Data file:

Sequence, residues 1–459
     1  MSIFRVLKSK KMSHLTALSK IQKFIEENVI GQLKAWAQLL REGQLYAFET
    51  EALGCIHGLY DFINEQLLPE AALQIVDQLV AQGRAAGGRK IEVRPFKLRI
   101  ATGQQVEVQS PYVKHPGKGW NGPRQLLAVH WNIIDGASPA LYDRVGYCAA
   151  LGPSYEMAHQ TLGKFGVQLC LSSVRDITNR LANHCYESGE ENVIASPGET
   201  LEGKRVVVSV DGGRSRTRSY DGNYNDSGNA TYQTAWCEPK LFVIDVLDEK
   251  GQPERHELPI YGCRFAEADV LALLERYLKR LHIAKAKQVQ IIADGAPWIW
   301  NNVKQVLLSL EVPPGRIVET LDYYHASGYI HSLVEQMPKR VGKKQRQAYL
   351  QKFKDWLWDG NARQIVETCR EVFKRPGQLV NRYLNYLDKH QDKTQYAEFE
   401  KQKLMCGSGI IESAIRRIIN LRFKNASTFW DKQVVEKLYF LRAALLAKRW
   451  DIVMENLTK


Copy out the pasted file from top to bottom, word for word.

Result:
Sequence, residues 1–459
     1  MSIFRVLKSK KMSHLTALSK IQKFIEENVI GQLKAWAQLL REGQLYAFET
    51  EALGCIHGLY DFINEQLLPE AALQIVDQLV AQGRAAGGRK IEVRPFKLRI
   101  ATGQQVEVQS PYVKHPGKGW NGPRQLLAVH WNIIDGASPA LYDRVGYCAA
   151  LGPSYEMAHQ TLGKFGVQLC LSSVRDITNR LANHCYESGE ENVIASPGET
   201  LEGKRVVVSV DGGRSRTRSY DGNYNDSGNA TYQTAWCEPK LFVIDVLDEK
   251  GQPERHELPI YGCRFAEADV LALLERYLKR LHIAKAKQVQ IIADGAPWIW
   301  NNVKQVLLSL EVPPGRIVET LDYYHASGYI HSLVEQMPKR VGKKQRQAYL
   351  QKFKDWLWDG NARQIVETCR EVFKRPGQLV NRYLNYLDKH QDKTQYAEFE
   401  KQKLMCGSGI IESAIRRIIN LRFKNASTFW DKQVVEKLYF LRAALLAKRW
   451  DIVMENLTK